ISSN: 2641-3116
Open Journal of Orthopedics and Rheumatology
Perspective Study       Open Access      Peer-Reviewed

The theory of centralized aerobic-anaerobic energy balance compensation and the right posture

Kirill V Zhukov1, Bagrat A Gasparyan1, Alexandre A Vetcher1,2* and Alexander Y Shishonin1

1Complementary and Integrative Health Clinic of Dr. Shishonin, 5 Yasnogorskaya Str, Moscow, 117588, Russia
2Institute of Biochemical Technology and Nanotechnology (IBTN) of the Peoples’ Friendship University of Russia (RUDN), 6 Miklukho-Maklaya St, 117198 Moscow, Russia
*Corresponding author: Alexandre A Vetcher, Complementary and Integrative Health Clinic of Dr. Shishonin, 5 Yasnogorskaya Str, Moscow, 6 Miklukho-Maklaya St, 117198 Moscow, Russia, Tel: +7-925-213-8001; E-mail:
Received: 03 August, 2022 | Accepted: 19 September, 2022 | Published: 20 September, 2022
Keywords: Posture; Centralized aerobic-anaerobic energy balance compensation; Brachiocephalic arterial blood flow access to rhomboid fossa

Cite this as

Zhukov KV, Gasparyan BA, Vetcher AA, Shishonin AY (2022) The theory of centralized aerobic-anaerobic energy balance compensation and the right posture. Open J Orthop Rheumatol 7(1): 011-012. DOI: 10.17352/ojor.000045

Copyright License

© 2022 Zhukov KV, et al. This is an open-access article distributed under the terms of the Creative Commons Attribution License, which permits unrestricted use, distribution, and reproduction in any medium, provided the original author and source are credited.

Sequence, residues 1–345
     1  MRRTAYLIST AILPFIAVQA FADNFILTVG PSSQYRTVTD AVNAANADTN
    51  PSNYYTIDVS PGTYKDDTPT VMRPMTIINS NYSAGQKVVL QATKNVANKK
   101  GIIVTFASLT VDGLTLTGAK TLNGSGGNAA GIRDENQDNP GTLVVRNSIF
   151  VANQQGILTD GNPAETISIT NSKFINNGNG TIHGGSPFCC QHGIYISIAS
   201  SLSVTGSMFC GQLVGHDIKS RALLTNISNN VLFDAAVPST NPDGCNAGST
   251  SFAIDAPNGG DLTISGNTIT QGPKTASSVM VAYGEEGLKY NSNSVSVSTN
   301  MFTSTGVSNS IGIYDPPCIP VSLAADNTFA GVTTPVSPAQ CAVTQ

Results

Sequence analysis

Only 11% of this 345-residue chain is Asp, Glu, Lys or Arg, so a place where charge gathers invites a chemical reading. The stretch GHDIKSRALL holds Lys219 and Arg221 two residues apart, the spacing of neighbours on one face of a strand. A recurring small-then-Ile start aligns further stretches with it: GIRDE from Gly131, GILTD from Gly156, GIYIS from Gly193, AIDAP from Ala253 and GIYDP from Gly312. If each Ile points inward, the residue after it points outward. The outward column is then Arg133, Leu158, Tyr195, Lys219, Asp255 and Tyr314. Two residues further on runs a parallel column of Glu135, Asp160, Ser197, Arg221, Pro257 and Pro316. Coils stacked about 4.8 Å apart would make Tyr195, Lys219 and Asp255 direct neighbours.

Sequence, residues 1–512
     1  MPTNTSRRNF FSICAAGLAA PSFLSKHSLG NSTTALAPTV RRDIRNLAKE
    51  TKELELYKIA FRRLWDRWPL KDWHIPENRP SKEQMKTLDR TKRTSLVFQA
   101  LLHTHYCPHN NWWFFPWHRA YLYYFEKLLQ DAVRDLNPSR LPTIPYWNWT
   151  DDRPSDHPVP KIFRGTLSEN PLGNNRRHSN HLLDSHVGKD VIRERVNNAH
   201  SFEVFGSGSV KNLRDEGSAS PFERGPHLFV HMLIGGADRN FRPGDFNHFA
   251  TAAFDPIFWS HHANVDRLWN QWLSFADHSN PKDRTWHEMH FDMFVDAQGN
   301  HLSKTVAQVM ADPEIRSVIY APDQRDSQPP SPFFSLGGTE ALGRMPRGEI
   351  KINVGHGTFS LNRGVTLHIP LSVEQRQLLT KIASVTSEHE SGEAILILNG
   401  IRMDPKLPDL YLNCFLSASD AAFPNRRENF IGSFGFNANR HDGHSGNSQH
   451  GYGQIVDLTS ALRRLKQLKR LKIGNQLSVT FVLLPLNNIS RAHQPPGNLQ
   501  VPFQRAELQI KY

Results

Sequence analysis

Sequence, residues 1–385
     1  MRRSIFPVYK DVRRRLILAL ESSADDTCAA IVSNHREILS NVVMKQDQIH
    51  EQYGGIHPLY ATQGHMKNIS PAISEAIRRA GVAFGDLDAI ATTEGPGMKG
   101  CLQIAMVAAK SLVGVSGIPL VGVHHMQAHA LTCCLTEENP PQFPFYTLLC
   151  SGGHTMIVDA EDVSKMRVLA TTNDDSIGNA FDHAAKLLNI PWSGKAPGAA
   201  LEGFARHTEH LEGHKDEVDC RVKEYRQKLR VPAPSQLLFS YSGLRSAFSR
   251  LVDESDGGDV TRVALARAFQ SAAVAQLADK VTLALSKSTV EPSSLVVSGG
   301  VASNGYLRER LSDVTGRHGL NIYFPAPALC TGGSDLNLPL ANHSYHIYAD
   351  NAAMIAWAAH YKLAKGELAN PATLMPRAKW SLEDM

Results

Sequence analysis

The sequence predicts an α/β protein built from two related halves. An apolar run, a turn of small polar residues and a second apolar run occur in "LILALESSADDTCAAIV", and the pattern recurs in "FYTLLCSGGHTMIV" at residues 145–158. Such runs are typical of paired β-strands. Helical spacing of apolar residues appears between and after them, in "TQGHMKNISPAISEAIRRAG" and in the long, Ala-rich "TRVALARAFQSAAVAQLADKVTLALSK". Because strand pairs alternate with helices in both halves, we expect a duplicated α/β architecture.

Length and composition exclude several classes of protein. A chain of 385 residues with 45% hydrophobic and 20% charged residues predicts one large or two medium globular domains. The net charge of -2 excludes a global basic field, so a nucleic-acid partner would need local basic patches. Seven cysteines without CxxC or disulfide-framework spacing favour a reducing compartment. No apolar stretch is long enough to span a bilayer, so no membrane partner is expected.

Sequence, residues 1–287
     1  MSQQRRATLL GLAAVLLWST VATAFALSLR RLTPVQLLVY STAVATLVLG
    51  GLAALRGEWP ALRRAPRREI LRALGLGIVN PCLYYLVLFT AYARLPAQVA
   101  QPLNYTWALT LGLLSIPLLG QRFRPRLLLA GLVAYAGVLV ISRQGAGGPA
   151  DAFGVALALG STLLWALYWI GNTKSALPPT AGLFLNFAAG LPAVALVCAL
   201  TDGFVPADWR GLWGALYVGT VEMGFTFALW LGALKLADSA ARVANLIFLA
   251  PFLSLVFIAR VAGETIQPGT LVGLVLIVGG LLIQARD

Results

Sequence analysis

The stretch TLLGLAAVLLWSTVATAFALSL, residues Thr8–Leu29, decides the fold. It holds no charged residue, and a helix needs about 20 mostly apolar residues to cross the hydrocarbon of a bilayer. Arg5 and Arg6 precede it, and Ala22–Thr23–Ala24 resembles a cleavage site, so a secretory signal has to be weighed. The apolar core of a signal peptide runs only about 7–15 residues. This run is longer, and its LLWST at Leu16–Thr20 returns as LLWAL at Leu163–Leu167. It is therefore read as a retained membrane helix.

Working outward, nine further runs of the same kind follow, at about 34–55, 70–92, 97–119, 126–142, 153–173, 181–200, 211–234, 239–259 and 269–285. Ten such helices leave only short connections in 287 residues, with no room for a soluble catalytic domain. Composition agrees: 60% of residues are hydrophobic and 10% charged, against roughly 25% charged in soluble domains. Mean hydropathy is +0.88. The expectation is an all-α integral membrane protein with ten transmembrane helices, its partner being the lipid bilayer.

For over four centuries the posture was under very different points of view. The theory of centralized Aerobic-Anaerobic Energy Balance Compensation (CAAEBC) gives an additional angle of consideration, associated with the concept of brachiocephalic arterial blood flow access to the rhomboid fossa. This helps to understand the requirements of the set of physical exercises, that will be able to keep the posture training simultaneously with the healthcare.


It looks that the old concept of posture is closely related to the conclusions of the recently announced CAAEBC theory [1], according to which the majority of Chronic Non-Communicable Diseases (CNCD) have roots in the obstruction of cervical spine arterial blood flow to the rhomboid fossa. This theory has been already confirmed for diabetes myelitis [2], arterial hypertension [3] and osteochondrosis [4]. And since the theory devotes so much attention to the conditions of the spinal cord, in particular the cervical part, the is a question about the idea of a right posture. Let’s take a look at it from a historical perspective.


The readers, whose childhood took place before the explosion of body positive concept [5,6] can recall requests to stand up or sit straight. The history of the right posture probably started in the XVI century as practical instructions on how best to handle it [7]. For the next two centuries, posture has become a way to transform a person and enforce discipline. As posture became more and more a feature of civilian life, the concepts of right and wrong postures became increasingly important. In the XIX century, posture became closely and eventually associated with concepts of health and disease. At this moment the concept of pathological postures such as the familiar kyphotic, lordotic, flat back, and swaying back [8].

These times the posture was even associated with moral character [7]. According to William McNeill, this quantification of posture became the basis for the debate that underpins modern orthopedics [9]. By the end of the XIX century, posture has eventually become medicinal. People were aided in their attempts to sit and stand upright by their stiffer, more formal attire such as corsets, jackets, and coats, and by their upright, less comfortable furniture. But towards the end of the XIX century, clothing and furniture became less austere [10].